Answer by Michael O. Church
It depends how much you’re learning and what the job is doing for your career. In general, the numbers you want to remember are 8, 18, 48 and 72.
Under 8 months
This is perceived to be terrible, unless you can point to an objective reason (such as a large corporate action). It suggests that you didn’t pass your 6-month review or the first performance cycle. You may want to omit the job and move any accomplishments to your freelance section, or include the job but say it was a project-specific contract role, and that you were offered more projects but declined. Yes I’m advocating that you omit something on your resume. Some things are so bad that you should drop them, and jobs under 8 months almost always qualify. As long as you don’t make accomplishments up, it’s not the deceptive and unethical type of lie. You’re not trying to mislead anyone about yourself; you’re cleaning your past to avoid wasting the interviewer’s time on irrelevant issues about things that have happened to you.
One exception is if you’re affected by a news-making layoff in the first year, or ever. An unannounced small layoff (under 5% of your division) will be assumed to be performance-related and you should hide it, but when you’re affected by a known layoff (such as a plant closing) that everyone knows about, there’s no shame in it. With, say, a 7-month job that ended due to a large-scale, non-performance layoff you are better off to list it than hide it.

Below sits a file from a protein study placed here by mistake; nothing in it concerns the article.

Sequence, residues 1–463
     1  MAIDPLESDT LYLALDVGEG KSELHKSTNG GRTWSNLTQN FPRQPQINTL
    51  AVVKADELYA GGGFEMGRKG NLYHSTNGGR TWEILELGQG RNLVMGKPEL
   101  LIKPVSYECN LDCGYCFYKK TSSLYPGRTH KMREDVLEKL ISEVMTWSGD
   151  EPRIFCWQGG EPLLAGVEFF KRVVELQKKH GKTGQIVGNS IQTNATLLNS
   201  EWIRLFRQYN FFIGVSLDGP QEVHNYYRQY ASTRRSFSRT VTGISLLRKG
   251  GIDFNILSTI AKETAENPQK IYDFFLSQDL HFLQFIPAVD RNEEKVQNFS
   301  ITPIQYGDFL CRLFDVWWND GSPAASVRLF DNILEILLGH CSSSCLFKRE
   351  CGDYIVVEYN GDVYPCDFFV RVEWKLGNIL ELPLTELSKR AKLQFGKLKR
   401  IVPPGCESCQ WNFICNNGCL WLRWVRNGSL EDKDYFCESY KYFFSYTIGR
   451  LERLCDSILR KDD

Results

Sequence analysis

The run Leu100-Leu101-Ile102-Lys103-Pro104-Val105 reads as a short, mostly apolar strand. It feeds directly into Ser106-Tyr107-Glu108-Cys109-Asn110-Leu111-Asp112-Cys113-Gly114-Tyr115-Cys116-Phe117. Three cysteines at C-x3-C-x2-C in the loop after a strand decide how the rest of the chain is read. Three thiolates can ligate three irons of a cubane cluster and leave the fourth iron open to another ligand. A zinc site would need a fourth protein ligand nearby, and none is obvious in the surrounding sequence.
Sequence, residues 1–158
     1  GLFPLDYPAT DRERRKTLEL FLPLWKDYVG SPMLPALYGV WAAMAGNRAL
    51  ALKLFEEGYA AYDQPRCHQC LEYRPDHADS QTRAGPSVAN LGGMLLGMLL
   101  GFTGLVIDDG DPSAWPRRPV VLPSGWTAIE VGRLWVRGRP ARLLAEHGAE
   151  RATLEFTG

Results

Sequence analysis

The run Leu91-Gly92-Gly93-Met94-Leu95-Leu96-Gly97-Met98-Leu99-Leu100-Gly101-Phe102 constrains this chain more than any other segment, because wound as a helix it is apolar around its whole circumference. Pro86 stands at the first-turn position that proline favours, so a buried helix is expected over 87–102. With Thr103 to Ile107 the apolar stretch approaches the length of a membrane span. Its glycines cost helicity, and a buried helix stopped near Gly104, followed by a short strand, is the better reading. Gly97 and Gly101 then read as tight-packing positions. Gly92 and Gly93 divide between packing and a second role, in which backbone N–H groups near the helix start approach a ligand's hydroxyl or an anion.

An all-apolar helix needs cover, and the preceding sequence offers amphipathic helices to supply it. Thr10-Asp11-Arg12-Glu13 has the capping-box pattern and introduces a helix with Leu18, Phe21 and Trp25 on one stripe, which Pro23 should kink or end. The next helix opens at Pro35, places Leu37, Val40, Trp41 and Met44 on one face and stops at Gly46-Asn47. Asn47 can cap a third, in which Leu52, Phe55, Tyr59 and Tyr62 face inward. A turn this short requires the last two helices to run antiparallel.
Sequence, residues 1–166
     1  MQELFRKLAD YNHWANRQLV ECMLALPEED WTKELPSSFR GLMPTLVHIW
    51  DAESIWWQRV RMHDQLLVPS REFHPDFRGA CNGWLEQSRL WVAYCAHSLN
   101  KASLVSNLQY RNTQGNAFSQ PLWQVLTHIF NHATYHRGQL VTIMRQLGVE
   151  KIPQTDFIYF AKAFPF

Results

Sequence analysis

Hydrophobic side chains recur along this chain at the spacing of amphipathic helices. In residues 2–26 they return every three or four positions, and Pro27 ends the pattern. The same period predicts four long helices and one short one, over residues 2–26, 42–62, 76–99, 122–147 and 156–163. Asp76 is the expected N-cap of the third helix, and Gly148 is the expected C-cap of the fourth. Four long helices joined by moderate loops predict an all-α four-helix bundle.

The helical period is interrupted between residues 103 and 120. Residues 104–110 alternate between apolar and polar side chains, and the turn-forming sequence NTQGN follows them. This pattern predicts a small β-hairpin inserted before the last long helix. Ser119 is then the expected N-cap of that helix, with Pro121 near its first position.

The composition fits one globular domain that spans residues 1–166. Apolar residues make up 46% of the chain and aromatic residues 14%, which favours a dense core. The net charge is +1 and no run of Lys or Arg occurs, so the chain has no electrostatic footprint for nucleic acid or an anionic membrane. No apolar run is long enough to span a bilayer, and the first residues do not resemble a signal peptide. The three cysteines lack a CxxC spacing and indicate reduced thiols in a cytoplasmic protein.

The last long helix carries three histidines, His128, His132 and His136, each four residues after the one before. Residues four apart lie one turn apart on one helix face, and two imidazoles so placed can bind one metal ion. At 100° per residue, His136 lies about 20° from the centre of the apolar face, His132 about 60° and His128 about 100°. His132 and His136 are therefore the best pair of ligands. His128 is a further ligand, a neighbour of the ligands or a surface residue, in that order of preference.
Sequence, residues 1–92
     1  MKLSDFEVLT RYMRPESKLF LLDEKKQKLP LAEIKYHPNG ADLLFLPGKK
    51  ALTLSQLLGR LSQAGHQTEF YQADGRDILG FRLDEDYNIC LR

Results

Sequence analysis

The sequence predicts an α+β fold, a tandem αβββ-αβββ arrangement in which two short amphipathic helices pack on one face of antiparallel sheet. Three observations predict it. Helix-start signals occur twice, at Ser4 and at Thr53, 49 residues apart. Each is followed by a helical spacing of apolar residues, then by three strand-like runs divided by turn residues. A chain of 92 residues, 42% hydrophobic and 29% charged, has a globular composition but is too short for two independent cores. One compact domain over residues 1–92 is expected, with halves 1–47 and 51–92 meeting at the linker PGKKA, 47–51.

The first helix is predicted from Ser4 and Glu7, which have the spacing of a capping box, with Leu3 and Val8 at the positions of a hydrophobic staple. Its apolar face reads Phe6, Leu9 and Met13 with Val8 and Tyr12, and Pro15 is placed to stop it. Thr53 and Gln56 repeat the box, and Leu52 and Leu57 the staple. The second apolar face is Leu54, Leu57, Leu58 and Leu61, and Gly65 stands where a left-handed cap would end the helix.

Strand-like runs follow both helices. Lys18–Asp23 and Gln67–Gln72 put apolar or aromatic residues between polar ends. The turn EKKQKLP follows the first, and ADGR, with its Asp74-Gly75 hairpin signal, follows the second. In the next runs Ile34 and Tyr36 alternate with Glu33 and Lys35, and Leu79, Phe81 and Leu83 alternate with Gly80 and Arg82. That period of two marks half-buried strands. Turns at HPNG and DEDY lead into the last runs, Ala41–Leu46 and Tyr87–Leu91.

This is the socially accepted minimum. It suggests that you survived at least one review cycle — reviews are presumed to be annual, and people aren’t reviewed until 6 months old; that’s where the 18-month derivation comes from — and had to achieve something to be retained for that long. You can go down to 9 if you have a really good explanation, like a corporate action (i.e. merger, upper management change) that affected the nature of your work, or a family-related reason.
If you come in under 18 months for some reason, it helps if you can establish that you did pass at least one performance review. (A bonus, or a round of layoffs that you survived, would suffice.) Even then, you can’t have too many of those, however. If you had one job where you were (possibly unintentionally) bait-and-switched and left at 8 months, that’s understandable. If you have five, it looks like the problem is you. Similarly, if you leave every time the nature of the work changes, HR cynics will be skeptical. (I see that as an admirable selectiveness in the work one does, but I don’t make the rules.) If your story is that you keep getting bait-and-switched (because it is, well, common) the HR cynics will think that you go into jobs with unreasonable expectations.
Unless the job is terrible, you should try to make it span, at the minimum, 15 months spanning three calendar years (e.g. Oct. ’14 to Jan. ’16) or 18 months spanning two. I don’t like these rules, and a lot of companies abuse people during the 6 to 17-month spell (before the 6-month mark, the job can just be taken off the resume) because they are captive, but that’s how it is.
All else being equal, two years is better than 18 months, and three years is better than two, and four is better than three. The advantage gained each month isn’t enough to merit passing up obviously superior opportunities, but it does mean that you’re best off to avoid movements that don’t have an obvious benefit.